In Judges 16, we read that the Philistines paid Delilah to seduce Samson. Indeed, she asked him directly about the source of his power, saying, “Please tell me where your great strength lies, and with what you may be bound to afflict you” (Judg 16:6). Samson must have realized what Delilah was doing, because each time he disclosed his supposed weakness, she would use it to try to subdue him and allow the Philistines to attack. And yet, Samson was not concerned; he continued to play with fire by engaging with Delilah’s game. He did not realize that he was drawing closer and closer to the edge. First he said “bind me with seven fresh bowstrings” (Judg 16:7); then, “bind me securely with new ropes” (v. 11); then, “weave the seven locks of my head into the web of the loom” (v. 13). He finally caved in and confessed, “If I am shaven, then my strength will leave me” (v. 17). This was the straw that broke the camel’s back. When the Philistines attacked, Samson did not realize that he was powerless, and that God had already departed from him (v. 20).

It is just as the proverb warns: “Can a man take fire to his bosom, and his clothes not be burned?” (Prov 6:27) When it comes to sin, man likes to play with fire. We like to go to the edge and test the boundaries, thinking that we can always turn back in time.

With regards to sexual sin, some believers go to the edge without thinking of the consequences. It is only after they have indulged their flesh that they ask, “Is this a mortal sin?” Unfortunately, some go so close to the edge that they inadvertently fall off. They realize, too late, that the Lord has already departed from them. This is what happened to Samson—he lived his life so close to the edge that he fell off, and the Lord departed from him.


Finally, we come to the last part of Samson’s life—the silver lining of his story. His sins had finally caught up with him, and the very eyes he had lived to satisfy had been blinded by his enemies. He had used God’s strength for his own purposes, and now he had to use his own strength to work as a grinder in prison. He had always gratified his flesh and its desires, but now he had to indulge the desires of the Philistines by performing for them. Yet, Samson was like the man Jesus healed, who said, “[T]hough I was blind, now I see” (Jn 9:25b). Samson’s physical eyes were blind, but his spiritual sight was finally clear.

When the author of Hebrews lists down the Old Testament heroes of faith, Samson is included (Heb 11:32). Some find it puzzling that Samson is mentioned, while others explain it away by saying that he demonstrated some faith throughout his life. But let us not forget, Samson was able to achieve his final victory only because God answered his prayer. Samson called out: “O Lord GOD, remember me, I pray! Strengthen me, I pray, just this once, O God, that I may with one blow take vengeance on the Philistines for my two eyes” (Judg 16:28). As Isaiah says, it is our iniquities that separate us from God (Isa 59:2). Samson’s sins had alienated him from God. Would God have answered his final prayer if Samson had not truly repented?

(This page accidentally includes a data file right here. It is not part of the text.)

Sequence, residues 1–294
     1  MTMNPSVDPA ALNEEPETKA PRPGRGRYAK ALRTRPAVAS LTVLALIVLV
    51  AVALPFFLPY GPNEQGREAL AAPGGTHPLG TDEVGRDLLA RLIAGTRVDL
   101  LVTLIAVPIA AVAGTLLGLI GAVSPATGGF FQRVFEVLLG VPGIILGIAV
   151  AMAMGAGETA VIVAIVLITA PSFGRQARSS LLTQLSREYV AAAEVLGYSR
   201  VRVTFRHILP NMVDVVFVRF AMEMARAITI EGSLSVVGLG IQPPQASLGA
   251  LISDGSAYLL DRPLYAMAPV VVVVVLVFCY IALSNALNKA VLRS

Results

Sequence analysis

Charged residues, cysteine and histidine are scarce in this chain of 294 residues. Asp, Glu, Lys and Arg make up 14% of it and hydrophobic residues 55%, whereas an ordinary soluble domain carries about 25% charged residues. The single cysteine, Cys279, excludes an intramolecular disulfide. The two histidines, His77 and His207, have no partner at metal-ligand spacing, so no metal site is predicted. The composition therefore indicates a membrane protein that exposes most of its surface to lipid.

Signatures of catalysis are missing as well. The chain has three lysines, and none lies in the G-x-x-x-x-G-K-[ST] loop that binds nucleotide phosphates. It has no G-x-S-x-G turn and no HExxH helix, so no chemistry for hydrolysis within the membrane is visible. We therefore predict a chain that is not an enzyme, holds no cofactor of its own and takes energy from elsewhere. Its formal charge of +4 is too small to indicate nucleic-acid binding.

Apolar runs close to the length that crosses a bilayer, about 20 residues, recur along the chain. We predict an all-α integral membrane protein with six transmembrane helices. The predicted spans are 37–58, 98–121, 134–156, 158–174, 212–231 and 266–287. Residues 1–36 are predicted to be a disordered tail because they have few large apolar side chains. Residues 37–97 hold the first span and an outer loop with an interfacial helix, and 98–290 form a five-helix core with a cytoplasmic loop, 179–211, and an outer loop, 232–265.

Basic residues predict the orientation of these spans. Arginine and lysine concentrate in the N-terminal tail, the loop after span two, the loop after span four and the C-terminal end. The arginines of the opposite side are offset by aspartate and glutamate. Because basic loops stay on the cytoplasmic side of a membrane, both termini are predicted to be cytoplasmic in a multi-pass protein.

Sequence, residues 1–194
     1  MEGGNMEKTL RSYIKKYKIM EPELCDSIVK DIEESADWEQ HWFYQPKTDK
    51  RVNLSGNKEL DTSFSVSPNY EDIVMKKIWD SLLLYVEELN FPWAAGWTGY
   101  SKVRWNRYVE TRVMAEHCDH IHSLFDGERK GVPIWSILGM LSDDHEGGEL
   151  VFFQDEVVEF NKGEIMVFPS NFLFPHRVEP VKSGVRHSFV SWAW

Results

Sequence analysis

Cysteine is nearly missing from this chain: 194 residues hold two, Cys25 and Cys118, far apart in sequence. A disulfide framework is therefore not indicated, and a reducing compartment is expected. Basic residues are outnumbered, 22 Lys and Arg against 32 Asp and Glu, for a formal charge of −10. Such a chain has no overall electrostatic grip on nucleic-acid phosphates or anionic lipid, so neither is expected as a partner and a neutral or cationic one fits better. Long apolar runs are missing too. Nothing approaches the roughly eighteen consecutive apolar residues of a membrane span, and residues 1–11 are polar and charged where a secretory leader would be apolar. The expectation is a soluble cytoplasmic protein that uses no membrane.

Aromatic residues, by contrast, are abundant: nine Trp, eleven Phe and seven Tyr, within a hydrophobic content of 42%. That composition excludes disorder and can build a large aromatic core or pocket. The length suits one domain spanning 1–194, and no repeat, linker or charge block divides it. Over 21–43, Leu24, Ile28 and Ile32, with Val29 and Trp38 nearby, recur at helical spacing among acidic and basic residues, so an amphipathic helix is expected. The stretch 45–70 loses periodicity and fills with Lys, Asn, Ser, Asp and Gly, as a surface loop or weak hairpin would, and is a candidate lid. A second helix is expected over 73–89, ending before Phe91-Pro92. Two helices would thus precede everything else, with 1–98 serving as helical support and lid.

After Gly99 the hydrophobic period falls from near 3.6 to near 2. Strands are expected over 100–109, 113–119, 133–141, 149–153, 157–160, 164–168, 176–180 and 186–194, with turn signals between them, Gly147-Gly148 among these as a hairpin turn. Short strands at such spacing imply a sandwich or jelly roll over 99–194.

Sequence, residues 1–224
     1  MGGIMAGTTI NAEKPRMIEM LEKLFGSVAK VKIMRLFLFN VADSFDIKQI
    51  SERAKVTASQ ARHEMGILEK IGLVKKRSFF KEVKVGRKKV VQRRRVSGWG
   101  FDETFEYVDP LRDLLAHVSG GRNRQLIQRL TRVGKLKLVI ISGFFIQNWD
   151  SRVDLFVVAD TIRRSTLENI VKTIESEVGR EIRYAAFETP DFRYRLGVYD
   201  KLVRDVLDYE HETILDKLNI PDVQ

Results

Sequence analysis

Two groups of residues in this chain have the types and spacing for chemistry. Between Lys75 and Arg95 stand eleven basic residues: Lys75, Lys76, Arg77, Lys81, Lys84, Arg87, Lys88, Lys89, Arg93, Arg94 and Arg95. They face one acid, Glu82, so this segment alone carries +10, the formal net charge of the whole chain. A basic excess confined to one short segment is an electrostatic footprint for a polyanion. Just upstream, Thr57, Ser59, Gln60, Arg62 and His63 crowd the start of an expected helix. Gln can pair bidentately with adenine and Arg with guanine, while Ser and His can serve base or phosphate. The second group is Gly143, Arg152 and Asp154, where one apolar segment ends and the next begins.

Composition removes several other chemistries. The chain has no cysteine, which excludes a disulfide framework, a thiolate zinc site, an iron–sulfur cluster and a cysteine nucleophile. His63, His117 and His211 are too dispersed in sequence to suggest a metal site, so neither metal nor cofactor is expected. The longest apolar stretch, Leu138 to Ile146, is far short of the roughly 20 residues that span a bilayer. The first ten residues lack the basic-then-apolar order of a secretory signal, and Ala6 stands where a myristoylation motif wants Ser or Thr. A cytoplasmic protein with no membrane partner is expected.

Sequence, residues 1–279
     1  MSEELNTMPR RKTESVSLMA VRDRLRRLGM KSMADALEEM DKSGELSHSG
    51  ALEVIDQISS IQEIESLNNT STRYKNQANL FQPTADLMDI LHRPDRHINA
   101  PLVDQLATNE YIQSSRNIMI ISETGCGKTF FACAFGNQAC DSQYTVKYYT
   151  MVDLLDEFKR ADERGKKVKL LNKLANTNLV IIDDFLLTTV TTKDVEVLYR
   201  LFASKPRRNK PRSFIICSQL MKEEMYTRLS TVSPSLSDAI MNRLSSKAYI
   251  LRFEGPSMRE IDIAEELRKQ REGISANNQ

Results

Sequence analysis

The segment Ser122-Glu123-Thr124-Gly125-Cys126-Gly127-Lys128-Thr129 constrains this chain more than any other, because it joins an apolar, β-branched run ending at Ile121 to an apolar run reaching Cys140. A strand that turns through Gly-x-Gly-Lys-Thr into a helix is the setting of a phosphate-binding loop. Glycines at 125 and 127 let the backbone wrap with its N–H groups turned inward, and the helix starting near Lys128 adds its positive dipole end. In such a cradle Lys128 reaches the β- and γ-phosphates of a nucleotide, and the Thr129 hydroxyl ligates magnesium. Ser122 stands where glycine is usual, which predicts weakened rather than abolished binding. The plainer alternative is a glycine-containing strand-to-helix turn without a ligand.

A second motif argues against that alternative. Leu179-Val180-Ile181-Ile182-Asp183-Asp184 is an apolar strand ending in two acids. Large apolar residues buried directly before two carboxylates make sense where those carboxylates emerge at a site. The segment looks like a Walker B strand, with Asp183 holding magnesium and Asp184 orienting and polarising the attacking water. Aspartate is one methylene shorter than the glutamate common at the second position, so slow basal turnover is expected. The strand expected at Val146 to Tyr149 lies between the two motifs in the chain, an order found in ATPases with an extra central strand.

The same God who had left Samson in the Valley of Sorek would again strengthen him, one last time. With one push, Samson brought down the temple of Dagon and killed 3,000 Philistines, including many prominent leaders. This victory was to be Samson’s greatest, but it was also his last. He died along with the Philistines. And after a lifetime of living with the Philistines, Samson was brought back to his own people to be buried in his father’s tomb (Judg 16:31).

Samson’s end reveals to us the power of God’s forgiveness. The greatest victory lies in overcoming our past sins, and repenting with a broken and contrite heart (Ps 51:17). For this is when God hears and answers our prayer.


Samson is like the worker who “will be saved, yet as through fire” (1 Cor 3:15b). The conclusion of Samson’s story is tinged with sadness. We see his unfulfilled potential, like so many athletes who show brilliant talent in their youth, but indulge in the party lifestyle and fizzle out before their prime.

Samson was a man who simply indulged his flesh, used God’s gifts for himself, and trampled his Nazirite calling. He could have accomplished so much for God, but his life ended with many regrets and what-ifs. He failed to live up to his name; he failed to shine as bright as the sun.

The question for us to ponder is: What about us? Will our Christian life be one of regrets and tragic waste? Let us learn from Samson’s mistakes and seek to fulfill our potential. If we embrace our calling and use our gifts to shine for God, then we can do mighty and victorious works for Him.

[1] Holy Bible, New Living Translation, copyright © 1996, 2004, 2015 by Tyndale House Foundation. Used by permission of Tyndale House Publishers Inc., Carol Stream, Illinois 60188. All rights reserved.